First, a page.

Cyprus Architecture

Cyprus Arts and Architecture

The Cypriot artist lacks the sense of composition: the union and fusion of architectural elements to achieve a harmoniously connected whole are unknown to him. In sculpture – the art form that Cyprus prefers and which he constantly introduces also into ceramics – he has never been able to group individual characters and connect them in a collective action. Only in some small votive terracottas are scenes – sometimes very complex – of real life, interpreted with freshness and vivacity. The wall painting is missing; in the vascular one the artist prefers the metope which limits the decorative field. When the artist approaches larger scenes, he hardly achieves the balance between the decorative scheme and the surface to be decorated. The ceramist feels comfortable when, adapting a single figure to the surface of the vase, he does not have to worry about connecting it to other figures, eg. in the pot-bellied pots of the century. VII a. Cyprus, where, on the white background, he draws a large stylized bird of prey, without experiencing that horror of emptiness that prevails in Greece. For Cyprus 1998, please check

In Cyprus, an observer realism, which aims at the exact reproduction of nature and details, and a spirit of stylization that reaches the dryness and suppression of the detail itself, are united in the most unexpected and disconcerting way. In the sculptures, the artist takes care of the execution of the face, the jewels, the votive offerings; the body, rigidly frontal, is stylized to the point of becoming a column or slab, in a conventional attitude from which it rarely manages to free itself. Thus in ceramics plant elements and human figures are also introduced into the rigid geometric patterns. The northern and western part of the island is particularly influenced by the artistic influence of Greece, the south and east that of Egypt and the Asian coast.

Architecture. – Regularly excavated settlements are rare, so general claims in this area are dangerous. In the Neolithic, people lived in caves, or in round or semicircular huts. These often have a base of large pebbles; the upper part is made with poles, or with raw bricks; in Chirokitia there is the setting up of a vault; in Kalavassos the huts are partly dug out of the ground. Almost always there is a hearth. The houses of the Bronze Age (Alambra, end of the third millennium; Bamboula, first half of the second millennium; Kourion and house of the bronzes in Enkomi, XIV-XIII century BC) had irregularly rectangular rooms that open to Alambra and Bamboula on a courtyard; walls with stone base (in Enkomi square) and above in raw bricks, flat roof in thatch and clay, sometimes supported by wooden poles (Kourion), fixed hearth. Even the surrounding walls of the century. XIV-XIII (Kourion, Nitovikla, Nicholides) had the upper part in adobe. Cypriot sanctuaries of all ages are outdoors, with a surrounding wall, one or more courtyards and, sometimes, a small square chapel at the end of the last courtyard. The courtyard and the chapel are generally not on the same axis. To Hagia Irini and Dali (XII-XI century BC) and to Hagios Iakovos (X-IX century BC) by temenos were a small room for worship and, separated, the rooms for the priest and the storerooms. Neither the architecture of the Minoan or Mycenaean palaces, nor the Greek one seem to have influenced Cyprus: the palace of Vouni in the first period (500-450 BC), with the peristyle with round and oval columns around the central courtyard, at the bottom of to which there are three rooms, it has nothing Greek at all, but it is premature to say that it is typically Cypriot. In the palace of the second period (450-380 BC, in a room in the shape of a megaron, we wanted to see the Greek influence.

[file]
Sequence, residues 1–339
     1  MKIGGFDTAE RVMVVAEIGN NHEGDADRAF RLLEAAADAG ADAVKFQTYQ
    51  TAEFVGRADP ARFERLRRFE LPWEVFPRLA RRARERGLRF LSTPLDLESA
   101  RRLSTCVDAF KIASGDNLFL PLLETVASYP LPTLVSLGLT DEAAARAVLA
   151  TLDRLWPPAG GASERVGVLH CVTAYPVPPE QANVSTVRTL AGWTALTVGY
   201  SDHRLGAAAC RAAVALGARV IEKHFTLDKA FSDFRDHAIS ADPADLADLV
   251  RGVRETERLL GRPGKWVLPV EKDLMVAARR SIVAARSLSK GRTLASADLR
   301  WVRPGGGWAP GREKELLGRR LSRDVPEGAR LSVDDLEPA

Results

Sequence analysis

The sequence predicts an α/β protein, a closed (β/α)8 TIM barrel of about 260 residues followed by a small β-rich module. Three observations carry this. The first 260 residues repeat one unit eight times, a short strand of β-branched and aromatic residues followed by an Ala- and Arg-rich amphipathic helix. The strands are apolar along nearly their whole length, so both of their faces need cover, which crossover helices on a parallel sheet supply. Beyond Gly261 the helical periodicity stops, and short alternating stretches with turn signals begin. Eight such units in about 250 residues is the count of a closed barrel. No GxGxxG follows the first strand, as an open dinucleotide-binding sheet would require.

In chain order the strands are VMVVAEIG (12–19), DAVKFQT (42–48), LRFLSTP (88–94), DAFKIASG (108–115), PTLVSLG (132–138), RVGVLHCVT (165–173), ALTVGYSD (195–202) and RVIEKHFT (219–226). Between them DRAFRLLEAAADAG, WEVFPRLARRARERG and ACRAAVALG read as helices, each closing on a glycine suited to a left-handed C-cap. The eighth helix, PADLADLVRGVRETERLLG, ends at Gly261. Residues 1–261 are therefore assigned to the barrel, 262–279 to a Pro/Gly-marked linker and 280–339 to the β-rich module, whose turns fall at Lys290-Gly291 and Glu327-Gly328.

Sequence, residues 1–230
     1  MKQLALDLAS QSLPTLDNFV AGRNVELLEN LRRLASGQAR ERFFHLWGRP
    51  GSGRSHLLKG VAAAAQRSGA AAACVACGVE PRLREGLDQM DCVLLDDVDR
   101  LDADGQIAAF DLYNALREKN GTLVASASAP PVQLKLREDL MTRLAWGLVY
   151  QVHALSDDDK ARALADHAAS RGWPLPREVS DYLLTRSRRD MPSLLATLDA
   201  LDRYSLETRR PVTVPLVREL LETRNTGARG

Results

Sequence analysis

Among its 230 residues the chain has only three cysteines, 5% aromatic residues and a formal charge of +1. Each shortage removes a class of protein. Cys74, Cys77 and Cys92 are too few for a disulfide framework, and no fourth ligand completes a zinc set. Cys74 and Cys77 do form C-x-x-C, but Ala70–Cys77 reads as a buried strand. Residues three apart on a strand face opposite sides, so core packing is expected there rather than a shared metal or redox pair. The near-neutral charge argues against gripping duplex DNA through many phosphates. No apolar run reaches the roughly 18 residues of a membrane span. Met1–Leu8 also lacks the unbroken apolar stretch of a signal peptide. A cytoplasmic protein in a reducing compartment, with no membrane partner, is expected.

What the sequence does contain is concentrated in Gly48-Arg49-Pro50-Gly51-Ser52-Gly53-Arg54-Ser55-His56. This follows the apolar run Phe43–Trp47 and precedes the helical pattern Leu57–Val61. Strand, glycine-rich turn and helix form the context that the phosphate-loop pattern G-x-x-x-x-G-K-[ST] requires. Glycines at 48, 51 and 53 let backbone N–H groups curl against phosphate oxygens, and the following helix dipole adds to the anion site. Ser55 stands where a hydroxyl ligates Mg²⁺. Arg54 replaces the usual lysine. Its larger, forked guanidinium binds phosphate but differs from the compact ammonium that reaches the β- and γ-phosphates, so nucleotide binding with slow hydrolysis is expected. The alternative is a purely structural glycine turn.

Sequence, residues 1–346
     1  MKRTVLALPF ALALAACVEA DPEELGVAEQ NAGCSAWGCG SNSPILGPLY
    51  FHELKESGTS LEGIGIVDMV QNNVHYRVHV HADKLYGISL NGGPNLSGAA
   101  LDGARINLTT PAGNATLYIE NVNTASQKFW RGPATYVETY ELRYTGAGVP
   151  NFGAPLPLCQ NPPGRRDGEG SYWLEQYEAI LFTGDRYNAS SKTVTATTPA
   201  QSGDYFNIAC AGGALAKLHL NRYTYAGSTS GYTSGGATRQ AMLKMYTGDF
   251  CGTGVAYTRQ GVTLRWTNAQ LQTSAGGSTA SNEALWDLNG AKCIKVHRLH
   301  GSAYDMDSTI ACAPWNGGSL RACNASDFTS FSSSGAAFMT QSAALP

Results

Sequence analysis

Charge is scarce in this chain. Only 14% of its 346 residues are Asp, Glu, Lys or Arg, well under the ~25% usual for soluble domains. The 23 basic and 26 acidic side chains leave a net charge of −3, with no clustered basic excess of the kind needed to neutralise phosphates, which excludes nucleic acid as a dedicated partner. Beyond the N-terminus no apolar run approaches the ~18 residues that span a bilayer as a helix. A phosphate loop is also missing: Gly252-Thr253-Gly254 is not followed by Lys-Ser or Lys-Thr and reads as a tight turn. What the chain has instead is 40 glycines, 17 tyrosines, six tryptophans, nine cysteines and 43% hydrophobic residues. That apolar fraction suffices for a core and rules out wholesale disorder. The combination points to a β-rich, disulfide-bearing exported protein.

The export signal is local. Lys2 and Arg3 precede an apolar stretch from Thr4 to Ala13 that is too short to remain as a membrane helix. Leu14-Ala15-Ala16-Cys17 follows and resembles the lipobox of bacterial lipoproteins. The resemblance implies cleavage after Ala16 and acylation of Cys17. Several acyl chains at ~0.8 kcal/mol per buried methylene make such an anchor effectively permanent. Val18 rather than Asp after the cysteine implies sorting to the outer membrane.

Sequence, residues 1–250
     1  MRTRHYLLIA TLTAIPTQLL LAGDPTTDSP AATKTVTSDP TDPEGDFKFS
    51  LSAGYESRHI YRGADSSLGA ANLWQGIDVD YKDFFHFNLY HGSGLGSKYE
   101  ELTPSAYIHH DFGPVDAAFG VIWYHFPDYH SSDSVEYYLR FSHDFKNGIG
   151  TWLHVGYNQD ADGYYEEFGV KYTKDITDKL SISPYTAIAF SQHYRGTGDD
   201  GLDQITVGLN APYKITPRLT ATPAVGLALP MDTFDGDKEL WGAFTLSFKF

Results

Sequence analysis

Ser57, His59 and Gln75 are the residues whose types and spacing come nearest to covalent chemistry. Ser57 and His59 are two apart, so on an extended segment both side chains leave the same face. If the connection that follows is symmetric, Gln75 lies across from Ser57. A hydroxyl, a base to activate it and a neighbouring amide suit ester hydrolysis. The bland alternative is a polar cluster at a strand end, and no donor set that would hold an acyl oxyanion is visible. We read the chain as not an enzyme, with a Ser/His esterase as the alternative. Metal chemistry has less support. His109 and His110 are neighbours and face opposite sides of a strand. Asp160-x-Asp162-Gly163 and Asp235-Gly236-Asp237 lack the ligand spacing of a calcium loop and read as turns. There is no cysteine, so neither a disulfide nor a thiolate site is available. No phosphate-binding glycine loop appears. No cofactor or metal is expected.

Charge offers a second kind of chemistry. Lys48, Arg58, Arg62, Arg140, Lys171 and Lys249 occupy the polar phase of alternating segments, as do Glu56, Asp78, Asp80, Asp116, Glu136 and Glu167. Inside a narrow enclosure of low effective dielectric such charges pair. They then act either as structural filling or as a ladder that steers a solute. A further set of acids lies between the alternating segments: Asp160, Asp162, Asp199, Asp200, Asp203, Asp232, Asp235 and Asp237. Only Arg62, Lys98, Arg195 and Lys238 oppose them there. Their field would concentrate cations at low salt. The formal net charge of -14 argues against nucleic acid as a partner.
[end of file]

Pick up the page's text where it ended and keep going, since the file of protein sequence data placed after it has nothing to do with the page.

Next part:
From the beginning of the Bronze Age to the Roman era, the architecture of the tombs remains the same. They are tombs with one or more chambers, dug into the soft rock, rounded in the second millennium BC. Cyprus, rectangular in the Iron Age, sometimes – especially in the Hellenistic age – with niches. It is accessed through a corridor which in the most ancient age is elliptical, then becomes narrower, with steps or an inclined plane; it can have niches, quays, side bedrooms. A group of tombs, from 1400 BC. Cyprus in the Roman age (Enkomi, Amathus, Tamassos, Pyla, Xylotymbo, Trachonas, Soli, H. Phaneromeni) it was in square blocks and false vault; in Pyla the vault was made up of two hollow blocks joined in the center of the chamber. Paleoskutella (Middle Cypriot III) tumulus tombs are an exception.

Cyprus Architecture

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